4.5 / 5
- Historical - (1950s to 1990s)
- Contemporary fiction
- Class & Privilege
Born and raised in a small town called Mallard, twin sisters Stella and Desiree grow up in a community consisting of primarily coloured people. This community being one with the belief that the lighter your skin is, the easier your life will be. At 16 years of age, feeling trapped in the cycle of their own lives, the Vignes sisters decide to embrace their opportunity of running away from home. All in desperate hope of finding their identities, as well as creating entirely new people out of themselves. Yet with the twins so “light” they could “pass” as white, their contrasting desires eventually split the path they once both shared. One choosing black, the other choosing white. Throughout the book we uncover the ways in which the twins' lives intertwine and what events eventually impact them the most.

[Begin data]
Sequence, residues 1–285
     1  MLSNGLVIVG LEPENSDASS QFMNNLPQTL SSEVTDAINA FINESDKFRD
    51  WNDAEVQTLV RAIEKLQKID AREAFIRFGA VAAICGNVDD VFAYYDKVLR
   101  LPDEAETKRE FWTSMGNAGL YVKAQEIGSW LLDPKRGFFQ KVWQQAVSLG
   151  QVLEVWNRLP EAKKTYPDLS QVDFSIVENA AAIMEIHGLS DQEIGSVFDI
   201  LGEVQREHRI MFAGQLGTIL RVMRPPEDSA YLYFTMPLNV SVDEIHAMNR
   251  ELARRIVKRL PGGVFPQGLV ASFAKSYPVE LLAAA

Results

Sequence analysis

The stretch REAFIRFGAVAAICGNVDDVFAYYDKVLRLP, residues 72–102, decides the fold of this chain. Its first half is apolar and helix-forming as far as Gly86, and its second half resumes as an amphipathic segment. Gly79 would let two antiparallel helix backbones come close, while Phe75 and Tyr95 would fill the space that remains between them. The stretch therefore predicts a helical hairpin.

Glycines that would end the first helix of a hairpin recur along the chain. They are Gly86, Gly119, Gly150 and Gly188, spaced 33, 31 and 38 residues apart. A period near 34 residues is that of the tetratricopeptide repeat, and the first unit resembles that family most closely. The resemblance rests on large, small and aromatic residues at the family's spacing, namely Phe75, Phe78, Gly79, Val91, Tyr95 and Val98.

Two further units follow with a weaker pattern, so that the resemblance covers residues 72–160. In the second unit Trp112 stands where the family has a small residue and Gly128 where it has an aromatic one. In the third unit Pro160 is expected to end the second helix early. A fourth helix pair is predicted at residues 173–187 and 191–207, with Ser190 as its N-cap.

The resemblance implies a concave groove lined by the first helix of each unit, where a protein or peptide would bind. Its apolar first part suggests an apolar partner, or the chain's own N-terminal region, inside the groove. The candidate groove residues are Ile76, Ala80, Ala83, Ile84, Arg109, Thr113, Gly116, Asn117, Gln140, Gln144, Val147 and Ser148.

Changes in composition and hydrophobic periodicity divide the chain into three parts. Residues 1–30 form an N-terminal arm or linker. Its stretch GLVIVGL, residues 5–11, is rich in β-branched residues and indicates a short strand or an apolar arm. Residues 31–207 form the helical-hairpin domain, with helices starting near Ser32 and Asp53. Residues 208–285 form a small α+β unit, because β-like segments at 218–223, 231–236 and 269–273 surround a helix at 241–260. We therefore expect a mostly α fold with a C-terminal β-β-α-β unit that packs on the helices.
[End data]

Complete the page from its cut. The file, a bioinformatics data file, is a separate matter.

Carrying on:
I can immediately start off by saying that Brit Bennet is a beautiful storyteller. The ways in which she interlaces alternating point of views is heavenly to read. This novel tells a complex narrative of the deep and thorny reality of privilege, while covering a wide spread of crucial and timely topics like race, gender, class and sexuality. The transgender representation provided in this book is extremely influential, as well as somewhat explanatory for those new to the subject.
However, I do need to point out that this novel is classified as Historical fiction. This genre is one that can feel very slow paced at times - something I sensed at the beginning of the story - yet I think it's necessary for fully understanding the story that is being told, as well as for connecting everything together. Considering this novel is set from the 1950s - 1990s, which is a very vast timeline for a book at its length, I think that it's truly rewarding once you get past the slow bits of the book.
Overall I’d say that this novel is one that is highly relevant during today's age, as well as one that should get the praise it deserves.
Book content warnings:
For those under the age of 14 or 15, be aware that this book discusses mature themes such as racism, sexual assault, transphobia, and domestic abuse.